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Tuesday, November 26, 2013

Why Shopping at Local Record Stores on Black Friday Is Awesome

Posted By on Tue, Nov 26, 2013 at 3:58 AM

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FILE PHOTO
  • File photo

Special Releases

Just like its Record Store Day counterpart, Black Friday brings a ton of exclusive or limited-release albums and re-releases. While the list of collectable albums is long, local shops often have to wait until they unpack the boxes to find out what they'll stock.

"We order everything available and often don't find out exactly what we are getting until close to Black Friday due to allocations, shortages, etc. from labels and distributors," says Jim Utz, who's in charge of marketing and promotions for Vintage Vinyl.

Still, what's available is pretty cool.

"I am looking forward to the Vince Guaraldi Trio's Linus and Lucy seven-inch," Naliborski says. "How cool is it to have an exclusive Snoopy vinyl during the holiday season?!"

The special releases also present a way to tick off a few names on your music-lover gift list.

"Black Friday releases have been a great boom for Vintage Vinyl. It is nice to have releases that people can't get at a mall and have to visit an independent record store to purchase," Utz says. "Music has always been a great last-minute stocking stuffer, so Black Friday releases help put indie record stores in people's minds as a gift option that isn't so 'last minute.'"

Employee Knowledge

Local record stores have sales and exclusive items, but what will really push a discerning shopper to choose them over, say, the bargain bin at Best Buy? Easy: knowledge. The owners and employees at St. Louis indie shops are music aficionados with long histories of following bands, collecting vinyl and performing themselves. They've got insight that a sixteen-year-old kid at a national store hasn't yet attained, and they're happy to introduce you to outstanding local acts or debate the finer points of the David Lee Roth vs. Sammy Hagar versions of Van Halen.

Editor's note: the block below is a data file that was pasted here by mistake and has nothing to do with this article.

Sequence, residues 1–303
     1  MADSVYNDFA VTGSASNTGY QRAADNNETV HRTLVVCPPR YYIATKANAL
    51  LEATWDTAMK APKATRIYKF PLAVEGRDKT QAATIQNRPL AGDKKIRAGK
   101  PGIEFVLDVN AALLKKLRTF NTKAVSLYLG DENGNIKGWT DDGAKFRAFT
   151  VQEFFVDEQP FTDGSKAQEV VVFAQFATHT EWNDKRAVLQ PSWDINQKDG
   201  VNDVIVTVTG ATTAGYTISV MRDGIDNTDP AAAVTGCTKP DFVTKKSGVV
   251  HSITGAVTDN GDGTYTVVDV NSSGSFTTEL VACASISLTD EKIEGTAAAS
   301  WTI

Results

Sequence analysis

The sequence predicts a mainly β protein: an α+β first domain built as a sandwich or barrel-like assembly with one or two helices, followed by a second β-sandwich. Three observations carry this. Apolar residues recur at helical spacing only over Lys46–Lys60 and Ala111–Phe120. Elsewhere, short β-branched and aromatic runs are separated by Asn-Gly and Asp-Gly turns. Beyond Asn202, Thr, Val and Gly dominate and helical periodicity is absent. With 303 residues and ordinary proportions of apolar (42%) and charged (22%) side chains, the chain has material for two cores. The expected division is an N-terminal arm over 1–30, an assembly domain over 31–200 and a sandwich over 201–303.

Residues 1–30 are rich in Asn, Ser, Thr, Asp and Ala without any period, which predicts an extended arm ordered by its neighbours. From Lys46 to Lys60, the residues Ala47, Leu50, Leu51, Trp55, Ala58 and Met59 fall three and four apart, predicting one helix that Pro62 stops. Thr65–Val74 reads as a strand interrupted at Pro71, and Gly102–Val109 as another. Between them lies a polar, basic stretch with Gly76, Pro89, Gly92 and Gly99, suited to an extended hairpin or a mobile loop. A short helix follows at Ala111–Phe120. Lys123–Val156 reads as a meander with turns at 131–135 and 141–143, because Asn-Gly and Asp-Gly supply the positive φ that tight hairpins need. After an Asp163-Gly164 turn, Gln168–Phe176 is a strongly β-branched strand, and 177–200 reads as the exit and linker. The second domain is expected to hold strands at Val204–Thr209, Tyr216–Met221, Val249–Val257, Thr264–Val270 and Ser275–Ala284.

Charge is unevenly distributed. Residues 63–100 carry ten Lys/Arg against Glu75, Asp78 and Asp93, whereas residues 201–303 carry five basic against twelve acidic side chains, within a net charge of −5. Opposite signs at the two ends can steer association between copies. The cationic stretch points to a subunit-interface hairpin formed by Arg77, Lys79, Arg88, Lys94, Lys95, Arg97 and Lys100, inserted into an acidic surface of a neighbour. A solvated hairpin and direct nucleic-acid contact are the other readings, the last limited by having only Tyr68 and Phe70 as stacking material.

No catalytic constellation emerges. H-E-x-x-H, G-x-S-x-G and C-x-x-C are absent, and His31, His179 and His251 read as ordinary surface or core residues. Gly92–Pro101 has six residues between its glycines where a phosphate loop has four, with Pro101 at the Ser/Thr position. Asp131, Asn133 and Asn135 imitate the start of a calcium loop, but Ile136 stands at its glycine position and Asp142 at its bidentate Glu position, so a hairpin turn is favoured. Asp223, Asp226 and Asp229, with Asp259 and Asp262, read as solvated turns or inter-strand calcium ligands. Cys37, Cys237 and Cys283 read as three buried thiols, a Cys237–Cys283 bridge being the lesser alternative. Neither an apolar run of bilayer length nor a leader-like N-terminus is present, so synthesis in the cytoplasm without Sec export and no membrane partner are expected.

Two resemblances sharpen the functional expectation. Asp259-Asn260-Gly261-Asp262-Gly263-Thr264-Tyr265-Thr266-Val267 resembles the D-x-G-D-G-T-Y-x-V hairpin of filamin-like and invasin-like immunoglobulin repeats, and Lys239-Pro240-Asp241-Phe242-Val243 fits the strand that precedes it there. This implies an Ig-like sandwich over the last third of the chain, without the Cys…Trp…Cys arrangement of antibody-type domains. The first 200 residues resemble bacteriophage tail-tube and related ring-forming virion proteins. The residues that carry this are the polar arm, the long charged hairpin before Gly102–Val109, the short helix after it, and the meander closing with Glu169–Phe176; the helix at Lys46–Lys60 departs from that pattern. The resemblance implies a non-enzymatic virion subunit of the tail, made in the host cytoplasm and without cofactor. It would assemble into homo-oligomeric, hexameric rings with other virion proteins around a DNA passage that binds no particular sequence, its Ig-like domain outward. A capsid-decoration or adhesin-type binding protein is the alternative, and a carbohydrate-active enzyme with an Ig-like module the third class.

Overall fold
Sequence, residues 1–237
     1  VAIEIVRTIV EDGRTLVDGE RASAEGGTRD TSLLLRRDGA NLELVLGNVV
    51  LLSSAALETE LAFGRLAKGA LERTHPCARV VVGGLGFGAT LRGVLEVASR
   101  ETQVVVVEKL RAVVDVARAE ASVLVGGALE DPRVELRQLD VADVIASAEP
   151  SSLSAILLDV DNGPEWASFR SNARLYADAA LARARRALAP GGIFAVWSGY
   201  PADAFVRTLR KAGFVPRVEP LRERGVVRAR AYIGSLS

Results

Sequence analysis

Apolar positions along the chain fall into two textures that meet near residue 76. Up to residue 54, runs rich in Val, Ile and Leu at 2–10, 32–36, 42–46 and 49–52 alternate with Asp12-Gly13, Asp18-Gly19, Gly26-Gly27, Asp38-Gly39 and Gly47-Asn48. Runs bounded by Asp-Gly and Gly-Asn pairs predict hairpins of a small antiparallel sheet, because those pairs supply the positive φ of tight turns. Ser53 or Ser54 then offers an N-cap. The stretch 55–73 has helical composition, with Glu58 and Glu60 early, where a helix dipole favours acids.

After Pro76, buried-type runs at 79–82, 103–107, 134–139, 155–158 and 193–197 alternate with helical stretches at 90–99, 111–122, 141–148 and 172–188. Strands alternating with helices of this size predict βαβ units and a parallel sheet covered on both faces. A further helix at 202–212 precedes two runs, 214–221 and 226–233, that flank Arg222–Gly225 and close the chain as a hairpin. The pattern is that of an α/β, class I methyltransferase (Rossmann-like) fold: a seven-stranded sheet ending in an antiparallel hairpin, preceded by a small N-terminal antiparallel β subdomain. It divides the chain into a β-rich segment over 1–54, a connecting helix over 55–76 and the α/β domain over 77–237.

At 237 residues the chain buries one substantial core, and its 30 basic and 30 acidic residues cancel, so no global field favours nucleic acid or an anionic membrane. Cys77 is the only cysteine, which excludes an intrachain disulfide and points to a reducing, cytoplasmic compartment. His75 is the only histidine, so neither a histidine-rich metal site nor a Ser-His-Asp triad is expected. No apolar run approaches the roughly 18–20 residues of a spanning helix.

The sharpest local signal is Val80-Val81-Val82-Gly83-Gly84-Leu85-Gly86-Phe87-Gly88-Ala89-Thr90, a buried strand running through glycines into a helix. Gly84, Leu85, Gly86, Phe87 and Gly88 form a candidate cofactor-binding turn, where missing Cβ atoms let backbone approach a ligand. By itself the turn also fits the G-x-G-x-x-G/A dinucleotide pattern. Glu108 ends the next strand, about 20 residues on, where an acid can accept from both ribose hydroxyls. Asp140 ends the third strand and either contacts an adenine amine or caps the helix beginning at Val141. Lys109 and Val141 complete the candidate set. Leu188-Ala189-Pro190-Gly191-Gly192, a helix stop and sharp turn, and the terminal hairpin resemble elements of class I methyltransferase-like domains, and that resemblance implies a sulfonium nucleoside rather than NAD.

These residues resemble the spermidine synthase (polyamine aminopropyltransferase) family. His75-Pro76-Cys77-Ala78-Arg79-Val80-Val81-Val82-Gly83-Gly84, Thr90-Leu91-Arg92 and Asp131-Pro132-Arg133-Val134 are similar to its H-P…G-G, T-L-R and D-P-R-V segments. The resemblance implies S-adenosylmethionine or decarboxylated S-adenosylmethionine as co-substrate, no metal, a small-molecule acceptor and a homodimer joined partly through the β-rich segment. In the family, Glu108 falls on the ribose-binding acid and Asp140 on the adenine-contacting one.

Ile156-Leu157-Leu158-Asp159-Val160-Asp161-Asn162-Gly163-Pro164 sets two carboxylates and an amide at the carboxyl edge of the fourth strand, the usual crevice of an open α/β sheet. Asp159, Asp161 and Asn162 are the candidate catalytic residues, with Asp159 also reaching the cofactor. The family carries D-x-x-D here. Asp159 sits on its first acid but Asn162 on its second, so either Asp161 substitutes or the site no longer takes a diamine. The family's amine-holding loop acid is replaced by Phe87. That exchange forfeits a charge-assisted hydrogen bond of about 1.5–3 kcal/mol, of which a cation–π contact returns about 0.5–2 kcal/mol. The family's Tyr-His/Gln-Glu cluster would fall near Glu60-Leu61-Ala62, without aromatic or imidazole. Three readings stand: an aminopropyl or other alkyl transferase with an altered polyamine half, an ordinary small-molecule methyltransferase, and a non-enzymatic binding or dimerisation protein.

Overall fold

"Our biggest edge, as with all indie-music stores, is our employees' knowledge of the product lines," Naliborski says. "You can't get that kind of knowledge and help at the big-box stores.

Of course, loving what you do has a few consequences -- especially when you accumulate that which you sell. We can't help but wonder what our record-store owners are anxious to grab for their personal vinyl collections.

"Stuff that comes in -- new stuff, old stuff -- part of the reason we're doing what were doing is because we love it," says Hendrickson. "At the same time, my life would be a lot simpler if I didn't collect at all. But it wouldn't be nearly as fun."

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